Wednesday, October 22, 2008

George Osborne on the rack over new donation allegations.

George Osborne is fighting for his political life amid allegations that he sought a £50,000 donation to the Conservative Party from the Russian oligarch Oleg Deripaska.

Foreign donations to British political parties are illegal.

Hours after the Shadow Chancellor denied outright that he solicited money from Mr Deripaska, Nathaniel Rothschild, his erstwhile friend, made explosive new allegations and named a witness.

Mr Rothschild asserted that James Goodwin, one of his guests at his Corfu villa, was present when he, Mr Osborne and Andrew Feldman, the Conservative chief executive, discussed a possible donation by Leyland Daf, controlled by Mr Deripaska.

Mr Rothschild said that the discussion continued once the party arrived on the Queen K, Mr Deripaska’s yacht.

Earlier Mr Osborne gave a lengthy account of his relations with Mr Deripaska and said: “We didn’t ask for money. We didn’t receive any.”

Mr Rothschild issued his statement at 9pm in what appeared to be an escalation of hostilities between the hedge fund manager and his old friend from Oxford. In it, he directly contradicted Mr Osborne’s account that there had been no discussion of channelling donations through a British company.

One of the reasons that this spat has opened up is that Osborne has been less than discrete about conversations Peter Mandelson had regarding Gordon Brown whilst both Osborne and Mandelson were private guests at Rothschild's luxury Corfu villa in August.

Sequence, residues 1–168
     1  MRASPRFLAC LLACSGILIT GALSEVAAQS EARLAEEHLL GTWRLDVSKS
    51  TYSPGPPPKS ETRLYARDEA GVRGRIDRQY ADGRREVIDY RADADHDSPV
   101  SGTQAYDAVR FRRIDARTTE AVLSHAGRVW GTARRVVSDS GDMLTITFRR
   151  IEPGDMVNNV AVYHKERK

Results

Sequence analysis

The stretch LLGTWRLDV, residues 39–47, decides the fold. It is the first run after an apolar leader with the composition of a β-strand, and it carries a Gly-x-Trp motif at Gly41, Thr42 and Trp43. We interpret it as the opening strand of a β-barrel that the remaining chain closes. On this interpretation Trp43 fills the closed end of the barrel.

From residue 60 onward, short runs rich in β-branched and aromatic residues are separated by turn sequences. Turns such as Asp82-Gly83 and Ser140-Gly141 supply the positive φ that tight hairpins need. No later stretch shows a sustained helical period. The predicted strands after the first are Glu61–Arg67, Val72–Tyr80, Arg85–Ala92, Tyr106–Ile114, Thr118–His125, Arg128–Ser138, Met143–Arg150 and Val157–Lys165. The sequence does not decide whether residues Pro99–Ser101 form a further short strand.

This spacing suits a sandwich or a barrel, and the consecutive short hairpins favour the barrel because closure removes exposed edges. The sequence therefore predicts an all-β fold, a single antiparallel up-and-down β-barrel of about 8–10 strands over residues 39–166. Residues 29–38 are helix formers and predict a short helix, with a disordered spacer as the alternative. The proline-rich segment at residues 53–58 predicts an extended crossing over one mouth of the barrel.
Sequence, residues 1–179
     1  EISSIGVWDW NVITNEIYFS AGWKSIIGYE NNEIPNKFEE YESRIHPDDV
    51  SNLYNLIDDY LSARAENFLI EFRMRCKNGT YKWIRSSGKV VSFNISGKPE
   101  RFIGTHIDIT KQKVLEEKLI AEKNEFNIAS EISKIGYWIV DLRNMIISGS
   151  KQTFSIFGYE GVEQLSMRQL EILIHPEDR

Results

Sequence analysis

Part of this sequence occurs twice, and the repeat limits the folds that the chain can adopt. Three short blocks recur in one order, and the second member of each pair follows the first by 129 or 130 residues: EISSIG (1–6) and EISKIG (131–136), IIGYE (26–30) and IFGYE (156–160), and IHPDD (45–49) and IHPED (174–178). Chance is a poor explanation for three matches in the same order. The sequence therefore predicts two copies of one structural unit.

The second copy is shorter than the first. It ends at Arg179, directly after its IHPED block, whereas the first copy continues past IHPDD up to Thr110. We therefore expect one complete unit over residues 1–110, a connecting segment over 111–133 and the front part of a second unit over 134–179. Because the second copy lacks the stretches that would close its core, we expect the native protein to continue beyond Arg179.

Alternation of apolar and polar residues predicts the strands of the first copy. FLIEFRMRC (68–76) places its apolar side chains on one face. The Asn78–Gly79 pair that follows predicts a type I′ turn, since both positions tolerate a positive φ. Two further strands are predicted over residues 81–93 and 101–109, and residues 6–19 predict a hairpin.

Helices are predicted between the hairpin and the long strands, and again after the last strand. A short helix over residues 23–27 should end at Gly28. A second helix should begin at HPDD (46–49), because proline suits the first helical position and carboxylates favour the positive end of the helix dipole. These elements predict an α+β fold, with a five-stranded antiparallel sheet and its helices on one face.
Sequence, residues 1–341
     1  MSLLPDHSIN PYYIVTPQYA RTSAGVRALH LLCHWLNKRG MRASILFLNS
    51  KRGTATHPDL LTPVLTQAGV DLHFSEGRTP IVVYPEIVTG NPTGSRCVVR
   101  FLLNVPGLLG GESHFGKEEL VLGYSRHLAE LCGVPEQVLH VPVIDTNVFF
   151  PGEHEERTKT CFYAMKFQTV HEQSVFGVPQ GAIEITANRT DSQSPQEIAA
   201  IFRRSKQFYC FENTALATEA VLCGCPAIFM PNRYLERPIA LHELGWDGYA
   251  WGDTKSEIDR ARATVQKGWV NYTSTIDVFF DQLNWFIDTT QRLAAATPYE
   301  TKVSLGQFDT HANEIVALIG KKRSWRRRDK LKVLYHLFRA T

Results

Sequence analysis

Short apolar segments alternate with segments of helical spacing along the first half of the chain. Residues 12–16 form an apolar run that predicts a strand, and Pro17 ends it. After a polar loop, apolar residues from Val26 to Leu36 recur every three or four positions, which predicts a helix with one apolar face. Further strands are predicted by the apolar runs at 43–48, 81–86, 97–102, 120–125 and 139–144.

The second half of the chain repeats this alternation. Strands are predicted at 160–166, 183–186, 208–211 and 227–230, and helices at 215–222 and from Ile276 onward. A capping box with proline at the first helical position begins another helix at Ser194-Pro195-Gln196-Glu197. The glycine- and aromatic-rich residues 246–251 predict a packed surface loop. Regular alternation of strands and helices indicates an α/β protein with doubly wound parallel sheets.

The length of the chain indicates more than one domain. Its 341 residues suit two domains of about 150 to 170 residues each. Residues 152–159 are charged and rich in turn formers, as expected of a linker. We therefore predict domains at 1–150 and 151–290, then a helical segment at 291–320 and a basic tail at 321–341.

This has apparently enraged Rothschild to the extent that he appears willing to destroy his relationship with Osborne.

Osborne initially issued a limited denial which he was forced to amend as the day went on. However, the issue at hand is whether or not Osborne discussed "the prospect of donation by Leyland DAF, a UK company controlled by Mr Deripaska".

Such a donation, through a UK company controlled by Deripaska, would have been illegal.

Any donation accepted by the Conservatives from Russian oligarch, Oleg Deripaska, would be illegal and forfeited. The regulations say the party must satisfy itself that any donation is legitimate. It has to return the donation if it breaks the rules. Failure to do so could lead to a fine and imprisonment for a year for the person accepting the donation. Accepting a loan from a foreigner is also a criminal offence.

The law says that it is illegal for companies to be used as a front or agent for a foreigner to channel money to a party. It is the responsibility of the party to check this. But it is difficult to prove and a law now passing through Parliament will give the commission the power to require that a company donating to political parties disclose how it obtained the cash.

However, the Tories are going to great lengths to stress the fact that no such donation was ever made and, as far as I can tell, no-one is disputing this. But, the damaging aspect of Rothschild's claim is that Osborne sought ways to bypass the law.

Osborne's claim that no money was ever handed over is secondary to whether or not Osborne sought ways to get round the law. If Rothschild can prove that he did so, then Osborne would probably have to go.

Cameron is sticking by Osborne for the moment, but the last Tory government were hounded out of office on charges of sleaze, and Cameron can't afford to have even a whiff of that associated with his supposedly reborn Tory Party.

Click title for full article.

No comments: